The biggest challenge we had was actually training the model. We had to find real pictures of real patients experiencing illnesses and run them through the emotion analysis algorithm in order to get back the “scores”. Those “scores” were subsequently inserted into a spreadsheet, along with the name of the actual illness, so that we could export it as a csv file. These information were then uploaded to Azure so that we can train Dr. Clow to recognize these patterns and associate them with illnesses. As it was hard to find such images, our initial model for training Dr. Clow was relatively small, but enough to demonstrate its accuracy for a short demo.

Emotion + Big Data #

I’m new to big data and I do not have a lot of experience in the field. However, reflecting my 48 hours spent at Stanford, there was one particular moment that struck out. I had just finished building Clow, and had only slept for 2 hours in the past 48 hours when a mentor strongly disagreed with what we had built. Citing my lack of experience in the medical field, the lack of research in the correlation between emotion and sickness and the shortcoming of emotional recognition technology, she maintained that this idea was inviable. Granted, I first met her at another hackathon, and I feel that she was doing this only to help me. Well, in a way she did, as we altered our pitch from ‘matching the patient with a doctor who’s more skillful in the area of the sickness’ to ‘focused more on visually identifiable illnesses such as rashes and mental illnesses’.

We switched our focus to big data as Dr. Clow has the potential to be really accurate after training it with thousands or millions of data. Emotion analysis improves significantly over time as engineers develop new ways to recognize facial expressions, and it could be used with pattern recognition to detect visually identifiable illnesses or scars too. To quote a gentleman whom listened to our demo, we could store the images and reanalyze them when newer, more accurate facial recognition technology has developed, making the results more consistent and accurate.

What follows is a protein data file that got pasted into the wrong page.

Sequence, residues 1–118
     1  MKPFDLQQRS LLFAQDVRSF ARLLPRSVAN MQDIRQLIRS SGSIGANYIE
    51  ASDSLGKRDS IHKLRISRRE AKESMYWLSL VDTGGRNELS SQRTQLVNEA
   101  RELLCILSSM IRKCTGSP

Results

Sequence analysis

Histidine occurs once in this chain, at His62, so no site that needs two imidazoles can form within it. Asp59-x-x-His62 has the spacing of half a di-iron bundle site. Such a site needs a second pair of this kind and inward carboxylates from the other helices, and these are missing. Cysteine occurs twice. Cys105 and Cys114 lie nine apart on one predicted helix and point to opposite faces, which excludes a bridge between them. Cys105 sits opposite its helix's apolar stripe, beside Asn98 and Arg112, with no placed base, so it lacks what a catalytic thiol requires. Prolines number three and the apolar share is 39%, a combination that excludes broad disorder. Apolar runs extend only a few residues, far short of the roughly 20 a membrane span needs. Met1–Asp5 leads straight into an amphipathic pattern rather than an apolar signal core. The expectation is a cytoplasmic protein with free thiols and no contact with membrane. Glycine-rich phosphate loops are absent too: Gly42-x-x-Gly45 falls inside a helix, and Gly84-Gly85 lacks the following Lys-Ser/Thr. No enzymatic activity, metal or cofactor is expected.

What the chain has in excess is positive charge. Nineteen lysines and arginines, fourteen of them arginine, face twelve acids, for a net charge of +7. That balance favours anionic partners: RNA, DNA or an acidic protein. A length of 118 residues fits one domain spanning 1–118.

treehacks-video.jpg My cameo appearance in the TreeHacks video!

Tidbits #

Concerned that the original venue might not be enough to accommodate all hackers, the organizers set up another hacking space at the Packard Electrical Engineering Building. With every room in the original venue occupied, my team relocated to the building in the middle of the night, but apparently it was only accessible by select Stanford students on its 24-hour list. Coincidentally, someone left the building (yes, at 3am), so we were able to sneak in and hack with little to no distraction. However, one of us had to stay in the building every time we wanted to leave, in order to open the doors from the inside. Sure, it’s a little inconvenient, and we might have missed some fun, but we were able to concentrate fully, which in turn allowed us to finish our hack with 12 hours remaining on the clock. We spent some of the time polishing Clow and made it attractive, and I slept for 7 hours (the most I’ve gotten at a hackathon so far), went for a morning walk around the campus the following morning, and pitched to the judges with a fresh, clear mind.

Oh yeah, I won a onesie at a raffle too. Coincidentally, it happened just moments after I told my teammates about how I never had the luck to win a raffle. I had never worn a onesie in my life, and thanks to Leon’s help, I was able to put one on before I turn 21.

Final Thoughts #

As ambitious as Clow might seem, this technology might take years before it can finally take off. Privacy remains an issue, and the correlation between emotion and sickness has to be studied thoroughly, so appropriate technologies can be developed. Nonetheless, it was fun playing with this idea, and it has definitely kick off my interest in healthcare. Hope to be there at TreeHacks 2017!

Code #

Our codes are publicly available on my GitHub account. We have separated our code base into two separate repositories, one for the clinic-facing app, and another for the patient’s companion app, and they can be found here:

Special Kudos #